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Hun Sen Accused of Political Threats Ahead of Elections


Cambodian Prime Minister Hun Sen spoke to the lower house of parliament in a nationally televised speech Thursday, Aug. 9, 2012, that was mandatory viewing for civil servants.

Cambodian Prime Minister Hun Sen spoke to the lower house of parliament in a nationally televised speech Thursday, Aug. 9, 2012, that was mandatory viewing for civil servants.

Opposition leaders say Prime Minister Hun Sen continues to employ scare tactics to secure his hold on power, especially with the election on the horizon.

This includes fabricating charges in the courts for those Hun Sen deems a threat, Kem Sokha, vice president of the Cambodia National Rescue Party, told VOA Khmer.

“We think that this is a method and the same trick that he’s done before, over innocent people like Mam Sonando,” Kem Sokha said.

Mam Sonando, the operator of the independent Beehive Radio station, was arrested in July an accused of fomenting an insurrection in Kratie province, charges widely seen as fabricated and lacking evidence. He served eight months before he was released on a suspended sentence and is still under monitoring.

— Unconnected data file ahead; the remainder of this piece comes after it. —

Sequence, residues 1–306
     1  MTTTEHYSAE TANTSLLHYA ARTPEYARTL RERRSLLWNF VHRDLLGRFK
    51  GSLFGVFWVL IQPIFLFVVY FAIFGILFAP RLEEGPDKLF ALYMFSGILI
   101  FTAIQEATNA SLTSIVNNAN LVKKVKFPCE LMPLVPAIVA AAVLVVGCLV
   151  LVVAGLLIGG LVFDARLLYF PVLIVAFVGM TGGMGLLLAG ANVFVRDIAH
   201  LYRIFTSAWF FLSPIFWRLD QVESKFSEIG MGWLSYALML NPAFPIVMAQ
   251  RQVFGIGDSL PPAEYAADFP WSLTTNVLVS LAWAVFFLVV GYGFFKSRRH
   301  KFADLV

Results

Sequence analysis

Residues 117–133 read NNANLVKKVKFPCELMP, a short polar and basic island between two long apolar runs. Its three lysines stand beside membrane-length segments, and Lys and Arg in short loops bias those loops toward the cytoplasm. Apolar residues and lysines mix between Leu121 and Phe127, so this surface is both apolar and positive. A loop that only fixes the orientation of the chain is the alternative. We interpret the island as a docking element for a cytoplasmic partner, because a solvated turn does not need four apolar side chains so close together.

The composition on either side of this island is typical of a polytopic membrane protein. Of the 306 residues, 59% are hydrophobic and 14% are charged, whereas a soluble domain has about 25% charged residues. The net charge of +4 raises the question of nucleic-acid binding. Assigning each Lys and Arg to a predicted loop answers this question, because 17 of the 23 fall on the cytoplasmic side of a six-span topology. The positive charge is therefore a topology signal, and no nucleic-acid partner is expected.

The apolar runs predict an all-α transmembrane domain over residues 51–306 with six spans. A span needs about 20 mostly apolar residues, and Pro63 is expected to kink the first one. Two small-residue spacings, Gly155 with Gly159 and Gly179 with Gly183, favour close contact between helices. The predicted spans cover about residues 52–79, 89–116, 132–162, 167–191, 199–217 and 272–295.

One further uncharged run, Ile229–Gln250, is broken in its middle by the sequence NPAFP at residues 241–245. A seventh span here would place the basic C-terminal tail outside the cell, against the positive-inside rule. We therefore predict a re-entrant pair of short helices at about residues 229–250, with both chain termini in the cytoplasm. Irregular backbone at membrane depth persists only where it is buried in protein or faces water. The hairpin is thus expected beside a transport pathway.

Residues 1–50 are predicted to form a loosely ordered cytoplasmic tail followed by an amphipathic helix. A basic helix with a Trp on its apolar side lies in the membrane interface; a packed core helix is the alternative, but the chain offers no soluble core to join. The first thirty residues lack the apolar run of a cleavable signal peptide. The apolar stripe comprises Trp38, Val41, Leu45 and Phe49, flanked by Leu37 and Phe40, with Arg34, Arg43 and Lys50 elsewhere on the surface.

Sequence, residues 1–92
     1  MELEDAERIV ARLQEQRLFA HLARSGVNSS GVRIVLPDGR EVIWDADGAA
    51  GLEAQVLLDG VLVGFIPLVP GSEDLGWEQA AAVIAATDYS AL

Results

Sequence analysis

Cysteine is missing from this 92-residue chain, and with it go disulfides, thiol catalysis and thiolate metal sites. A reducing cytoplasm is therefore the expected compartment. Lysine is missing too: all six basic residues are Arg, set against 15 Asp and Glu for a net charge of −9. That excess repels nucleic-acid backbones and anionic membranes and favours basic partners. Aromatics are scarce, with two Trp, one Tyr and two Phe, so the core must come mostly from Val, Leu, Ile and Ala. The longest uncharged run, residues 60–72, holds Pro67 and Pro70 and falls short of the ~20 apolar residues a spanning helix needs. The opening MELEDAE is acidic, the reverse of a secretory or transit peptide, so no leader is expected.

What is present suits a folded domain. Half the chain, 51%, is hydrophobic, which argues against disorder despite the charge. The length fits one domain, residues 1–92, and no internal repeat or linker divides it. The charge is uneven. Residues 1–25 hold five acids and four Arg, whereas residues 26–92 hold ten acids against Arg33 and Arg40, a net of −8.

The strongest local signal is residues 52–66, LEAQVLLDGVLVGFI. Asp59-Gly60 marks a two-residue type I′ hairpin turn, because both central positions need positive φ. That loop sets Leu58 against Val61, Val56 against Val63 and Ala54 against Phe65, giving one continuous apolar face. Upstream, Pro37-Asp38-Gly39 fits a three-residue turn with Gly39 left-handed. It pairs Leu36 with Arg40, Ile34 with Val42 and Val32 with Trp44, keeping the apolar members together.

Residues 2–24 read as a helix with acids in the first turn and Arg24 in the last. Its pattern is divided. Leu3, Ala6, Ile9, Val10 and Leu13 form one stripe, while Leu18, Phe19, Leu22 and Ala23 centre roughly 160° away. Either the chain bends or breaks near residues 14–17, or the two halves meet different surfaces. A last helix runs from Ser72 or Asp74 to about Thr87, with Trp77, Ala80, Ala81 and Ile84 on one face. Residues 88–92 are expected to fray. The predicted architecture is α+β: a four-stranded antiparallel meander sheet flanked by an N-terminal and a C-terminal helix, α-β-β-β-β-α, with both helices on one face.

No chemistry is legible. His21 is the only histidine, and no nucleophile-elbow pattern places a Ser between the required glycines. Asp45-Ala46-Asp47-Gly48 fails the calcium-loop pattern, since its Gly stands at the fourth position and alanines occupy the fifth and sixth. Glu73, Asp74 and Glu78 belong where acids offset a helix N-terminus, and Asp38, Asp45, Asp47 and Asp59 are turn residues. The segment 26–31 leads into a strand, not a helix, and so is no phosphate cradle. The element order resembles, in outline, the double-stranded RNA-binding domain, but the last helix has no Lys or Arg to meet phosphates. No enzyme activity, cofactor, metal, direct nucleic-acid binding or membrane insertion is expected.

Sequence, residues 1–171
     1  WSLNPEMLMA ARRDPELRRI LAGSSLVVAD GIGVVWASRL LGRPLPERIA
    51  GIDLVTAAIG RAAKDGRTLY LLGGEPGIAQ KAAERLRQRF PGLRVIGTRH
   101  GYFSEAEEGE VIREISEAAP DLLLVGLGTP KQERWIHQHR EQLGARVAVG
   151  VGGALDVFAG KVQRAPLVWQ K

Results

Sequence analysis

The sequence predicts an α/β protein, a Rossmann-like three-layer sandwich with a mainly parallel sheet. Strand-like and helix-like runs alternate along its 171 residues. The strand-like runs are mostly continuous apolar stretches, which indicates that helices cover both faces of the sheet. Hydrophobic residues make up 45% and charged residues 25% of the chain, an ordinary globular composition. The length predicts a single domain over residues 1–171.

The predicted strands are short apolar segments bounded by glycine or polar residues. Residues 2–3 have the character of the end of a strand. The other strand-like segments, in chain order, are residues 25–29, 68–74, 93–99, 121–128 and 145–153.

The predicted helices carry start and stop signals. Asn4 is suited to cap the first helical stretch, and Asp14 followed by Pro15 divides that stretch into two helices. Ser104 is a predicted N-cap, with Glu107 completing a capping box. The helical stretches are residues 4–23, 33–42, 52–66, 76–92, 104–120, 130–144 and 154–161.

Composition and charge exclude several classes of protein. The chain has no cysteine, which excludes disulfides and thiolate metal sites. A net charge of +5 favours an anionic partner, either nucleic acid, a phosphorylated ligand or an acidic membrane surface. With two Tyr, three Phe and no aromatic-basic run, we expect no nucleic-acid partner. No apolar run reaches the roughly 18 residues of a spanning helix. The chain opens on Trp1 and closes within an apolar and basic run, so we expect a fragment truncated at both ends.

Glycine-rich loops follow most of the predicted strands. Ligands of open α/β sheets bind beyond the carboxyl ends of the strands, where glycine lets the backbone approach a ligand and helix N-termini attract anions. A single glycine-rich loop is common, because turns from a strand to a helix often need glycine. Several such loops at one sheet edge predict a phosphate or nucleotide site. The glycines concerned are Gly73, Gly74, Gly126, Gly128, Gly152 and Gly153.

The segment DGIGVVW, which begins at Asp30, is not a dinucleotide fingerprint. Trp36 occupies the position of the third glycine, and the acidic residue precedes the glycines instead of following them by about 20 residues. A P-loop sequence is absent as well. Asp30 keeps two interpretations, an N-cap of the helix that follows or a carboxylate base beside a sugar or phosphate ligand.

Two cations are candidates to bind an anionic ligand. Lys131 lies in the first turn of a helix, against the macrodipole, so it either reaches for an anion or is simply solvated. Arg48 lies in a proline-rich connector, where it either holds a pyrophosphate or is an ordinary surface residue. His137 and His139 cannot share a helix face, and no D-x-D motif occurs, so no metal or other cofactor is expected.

“We think this is mostly a threat,” Kem Sokha said.

And there are other examples, he said.

Hun Sen said in a recent speech that anti-government forces have been training militarily in Thailand and are hiding within the opposition’s ranks.

Anti-government groups have members “hiding in the network of the opposition,” Hun Sen said. “So I wish to send a message to the opposition: that in case there are any arrests, don’t say they are political arrests of members. They are terrorist forces.”

Kem Sokha said such statements are meant to tarnish the opposition, but that they demonstrate concerns over opposition victories in the elections.

“The National Rescue Party has a clear stance, that we solve problems through non-violent means,” he said. “We do not cause revolutions. We do not do coups. We do not make war. And we do not do terrorism at all.”

Lao Mong Hay, an independent political analyst, said such speeches are aimed at weakening in the opposition and sewing distrust.

Any arrests that would come as a result of such accusations would likely be seen as a “political crackdown over those who criticize the ruling party and the government,” he said.

There is a precedent for such arrests. Some members of the royalist Funcinpec party, following a power-sharing arrangement with Hun Sen and the Cambodian People’s Party, were later accused of association with anti-government groups like the Free Khmer movement or the Cambodian Freedom Fighters. Many were subsequently arrested.

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